John Cruz was not expecting to find a near-empty tool shed when he arrived at the address of a business that conducted millions of dollars worth of monthly transactions in 2008. Other visits took the HSBC client relationship manager to an empty parking lot and an abandoned house. When Cruz told senior management that he suspected he had found fictitious businesses with thousands of fraudulent accounts, he says he was ignored, laughed at, and ultimately terminated about two years later.
At the same time, the southern New York branch of HSBC, the one Cruz worked for, was being investigated by the Department of Justice for violating regulations against money laundering. And in December 2012, HSBC Bank USA, the American branch of the London-based multinational bank, agreed to a $1.9 billion penalty in exchange for deferred prosecution for failing to monitor over $200 trillion in questionable wire transfers between 2006 and 2009. The transfers included $881 million in drug proceeds from Colombia and Mexico laundered through the U.S. financial system. Now some lawmakers are outraged that individuals have not been held accountable for their financial crimes.
"Either we're serious about money laundering, and we're serious about [targeting] the support of terrorist organizations and drug cartels, or we're not. We have to be serious from top to bottom," says Rep. George Miller, a California Democrat, who along with 24 of his colleagues sent a letter to Attorney General Eric Holder about the HSBC case in January. "It's just unbelievable that the suggestion would be that somehow a financial fine that's clearly within their wherewithal … is a sufficient substitute for bringing people to justice."
Cruz says that when he told HSBC auditors that they could be fined and shut down for servicing fraudulent accounts, he was told that the bank had $2 billion set aside in the event that the bank was investigated and fined. "They're not going to shut us down. We're too big to be shut down," said the auditor, according to Cruz.
"The idea that some banks are 'too big to jail' is outrageous," says Sen. Jeff Merkley, an Oregon Democrat, who is pressing for prosecution. "In America, we live by the ideal that we are all equal under the law, and when ordinary Americans get caught in criminal wrongdoing, they must pay the price and accept their punishment," says Merkley, adding: "It is unacceptable that some would be exempted from the rule of law—in this case, for extremely serious crimes of money laundering for drug cartels and terrorists—because they are employed by a large bank."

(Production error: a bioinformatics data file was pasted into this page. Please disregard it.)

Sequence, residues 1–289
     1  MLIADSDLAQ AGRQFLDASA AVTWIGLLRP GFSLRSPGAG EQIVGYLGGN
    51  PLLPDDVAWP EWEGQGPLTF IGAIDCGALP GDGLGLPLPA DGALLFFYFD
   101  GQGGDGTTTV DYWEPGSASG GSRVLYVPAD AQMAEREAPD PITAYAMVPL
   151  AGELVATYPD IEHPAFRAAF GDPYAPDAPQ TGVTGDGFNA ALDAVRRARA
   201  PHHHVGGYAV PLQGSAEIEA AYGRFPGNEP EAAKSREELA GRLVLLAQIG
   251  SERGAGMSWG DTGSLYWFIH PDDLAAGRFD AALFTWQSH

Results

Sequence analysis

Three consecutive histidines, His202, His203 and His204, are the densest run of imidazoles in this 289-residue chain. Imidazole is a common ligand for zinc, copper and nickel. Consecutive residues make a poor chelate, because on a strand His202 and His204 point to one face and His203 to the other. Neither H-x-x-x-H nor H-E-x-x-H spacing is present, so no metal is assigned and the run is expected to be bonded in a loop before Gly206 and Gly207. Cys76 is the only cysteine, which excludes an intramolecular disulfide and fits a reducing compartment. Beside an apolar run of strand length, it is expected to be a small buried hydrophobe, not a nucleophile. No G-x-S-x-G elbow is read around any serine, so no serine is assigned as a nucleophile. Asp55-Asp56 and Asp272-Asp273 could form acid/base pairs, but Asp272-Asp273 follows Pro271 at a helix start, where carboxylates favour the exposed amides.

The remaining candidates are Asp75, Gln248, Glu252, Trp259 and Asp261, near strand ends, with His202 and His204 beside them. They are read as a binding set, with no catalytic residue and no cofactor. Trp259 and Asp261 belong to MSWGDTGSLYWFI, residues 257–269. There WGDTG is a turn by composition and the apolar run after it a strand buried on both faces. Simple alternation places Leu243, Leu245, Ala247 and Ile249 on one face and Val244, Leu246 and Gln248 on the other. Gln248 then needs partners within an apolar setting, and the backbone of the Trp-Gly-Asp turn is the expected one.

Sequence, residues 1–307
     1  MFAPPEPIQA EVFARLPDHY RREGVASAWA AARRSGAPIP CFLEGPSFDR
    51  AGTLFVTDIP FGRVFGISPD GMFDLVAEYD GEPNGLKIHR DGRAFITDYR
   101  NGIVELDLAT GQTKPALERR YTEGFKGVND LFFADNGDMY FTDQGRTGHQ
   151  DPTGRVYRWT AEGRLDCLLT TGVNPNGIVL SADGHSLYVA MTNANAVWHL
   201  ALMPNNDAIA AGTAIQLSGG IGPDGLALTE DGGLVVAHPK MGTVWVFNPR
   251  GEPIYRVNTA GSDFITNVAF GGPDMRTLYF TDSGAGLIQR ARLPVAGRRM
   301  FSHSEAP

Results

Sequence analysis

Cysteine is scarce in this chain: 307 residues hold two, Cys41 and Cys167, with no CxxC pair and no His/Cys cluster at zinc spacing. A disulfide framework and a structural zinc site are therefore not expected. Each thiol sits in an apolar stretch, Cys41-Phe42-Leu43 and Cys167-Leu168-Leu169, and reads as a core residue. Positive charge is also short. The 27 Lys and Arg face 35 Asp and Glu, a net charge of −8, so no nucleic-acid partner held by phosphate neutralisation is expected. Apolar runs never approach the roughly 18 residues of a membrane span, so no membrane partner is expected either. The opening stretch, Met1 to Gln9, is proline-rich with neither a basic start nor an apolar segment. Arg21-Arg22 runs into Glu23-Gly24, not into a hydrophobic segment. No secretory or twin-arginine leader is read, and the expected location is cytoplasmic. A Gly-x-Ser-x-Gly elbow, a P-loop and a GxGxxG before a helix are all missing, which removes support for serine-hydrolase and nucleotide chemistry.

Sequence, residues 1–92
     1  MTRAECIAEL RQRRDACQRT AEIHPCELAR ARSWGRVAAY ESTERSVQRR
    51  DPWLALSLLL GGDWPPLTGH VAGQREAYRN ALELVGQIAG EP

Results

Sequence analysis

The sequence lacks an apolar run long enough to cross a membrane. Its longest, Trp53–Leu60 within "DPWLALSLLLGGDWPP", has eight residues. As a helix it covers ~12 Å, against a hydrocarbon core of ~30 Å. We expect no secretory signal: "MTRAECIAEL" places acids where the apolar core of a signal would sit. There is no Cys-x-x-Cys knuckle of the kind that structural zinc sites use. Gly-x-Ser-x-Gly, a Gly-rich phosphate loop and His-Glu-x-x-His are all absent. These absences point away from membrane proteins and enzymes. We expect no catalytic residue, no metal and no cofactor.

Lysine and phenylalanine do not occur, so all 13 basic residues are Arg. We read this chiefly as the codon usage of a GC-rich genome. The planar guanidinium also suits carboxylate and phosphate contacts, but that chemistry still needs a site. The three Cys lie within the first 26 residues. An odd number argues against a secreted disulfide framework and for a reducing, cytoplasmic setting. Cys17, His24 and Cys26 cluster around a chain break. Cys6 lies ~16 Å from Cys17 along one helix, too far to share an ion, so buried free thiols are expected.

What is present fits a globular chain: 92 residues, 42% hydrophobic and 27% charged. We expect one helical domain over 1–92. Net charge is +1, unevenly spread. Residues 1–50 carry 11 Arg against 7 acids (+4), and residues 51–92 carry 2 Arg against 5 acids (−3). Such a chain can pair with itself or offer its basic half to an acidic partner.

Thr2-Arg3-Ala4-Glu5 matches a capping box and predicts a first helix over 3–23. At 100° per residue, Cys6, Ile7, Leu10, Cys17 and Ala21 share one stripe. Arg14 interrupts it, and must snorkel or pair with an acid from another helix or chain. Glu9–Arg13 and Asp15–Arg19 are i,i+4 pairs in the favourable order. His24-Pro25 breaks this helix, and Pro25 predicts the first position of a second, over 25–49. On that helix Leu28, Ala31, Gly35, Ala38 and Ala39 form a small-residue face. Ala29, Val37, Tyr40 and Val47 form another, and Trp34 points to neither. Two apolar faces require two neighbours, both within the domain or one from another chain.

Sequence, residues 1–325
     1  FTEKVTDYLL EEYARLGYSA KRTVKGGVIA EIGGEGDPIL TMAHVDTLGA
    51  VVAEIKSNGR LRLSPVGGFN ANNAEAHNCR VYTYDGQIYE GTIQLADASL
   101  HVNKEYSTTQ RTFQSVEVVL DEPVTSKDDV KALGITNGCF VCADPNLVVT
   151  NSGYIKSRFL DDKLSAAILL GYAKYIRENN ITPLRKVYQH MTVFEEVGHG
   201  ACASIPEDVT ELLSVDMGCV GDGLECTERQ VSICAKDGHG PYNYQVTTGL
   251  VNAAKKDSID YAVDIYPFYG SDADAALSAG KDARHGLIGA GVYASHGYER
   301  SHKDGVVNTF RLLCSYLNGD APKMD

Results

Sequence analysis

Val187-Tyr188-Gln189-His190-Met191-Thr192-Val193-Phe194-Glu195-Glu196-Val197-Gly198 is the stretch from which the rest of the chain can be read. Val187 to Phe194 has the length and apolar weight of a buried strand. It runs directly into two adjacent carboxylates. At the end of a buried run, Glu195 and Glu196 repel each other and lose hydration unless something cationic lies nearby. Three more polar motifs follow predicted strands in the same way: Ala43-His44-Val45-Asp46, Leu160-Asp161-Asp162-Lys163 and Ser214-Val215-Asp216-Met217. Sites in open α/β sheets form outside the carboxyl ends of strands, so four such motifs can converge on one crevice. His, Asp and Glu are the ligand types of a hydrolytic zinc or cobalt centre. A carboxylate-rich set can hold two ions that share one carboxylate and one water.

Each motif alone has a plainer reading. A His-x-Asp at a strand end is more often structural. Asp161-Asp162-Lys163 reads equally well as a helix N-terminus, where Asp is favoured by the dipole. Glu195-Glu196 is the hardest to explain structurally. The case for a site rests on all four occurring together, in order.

Meanwhile, federal prosecutors called the HSBC agreement "historic." U.S. Attorney Loretta Lynch said the outcome "imposes the largest penalty in any [Bank Secrecy Act] prosecution to date" and "makes it clear that all corporate citizens, no matter how large, must be held accountable for their actions." And while the Justice Department confirms that there is nothing in the agreement that prevents them from prosecuting individuals, no bank employees have been charged with breaking the law.
The Bank Secrecy Act requires banks to institute anti-money-laundering programs and to submit currency transaction reports for cash transfers of more than $10,000 and suspicious activity reports to the Department of the Treasury's Financial Crimes Enforcement Network. The DOJ's investigation revealed that HSBC knowingly reduced their anti-money-laundering program budget in order to cut costs and increase profits. The bank also accepted transactions from countries sanctioned by the U.S. government, including Iran, Cuba, Sudan, Libya, and Burma.
Even though prosecutors call the agreement historic, lawmakers want to be sure that individuals are also held accountable. California Democratic Rep. Maxine Waters, ranking member of the House Financial Services Committee, sent a letter to the federal authorities in February, questioning the federal government's policies on prosecuting financial crimes. "As the Justice Department continues its ongoing efforts to investigate financial crimes in the United States, the Department should consider the scope of misconduct and identify individual actors, when appropriate, who can be criminally prosecuted and tried in a court of law," wrote Waters.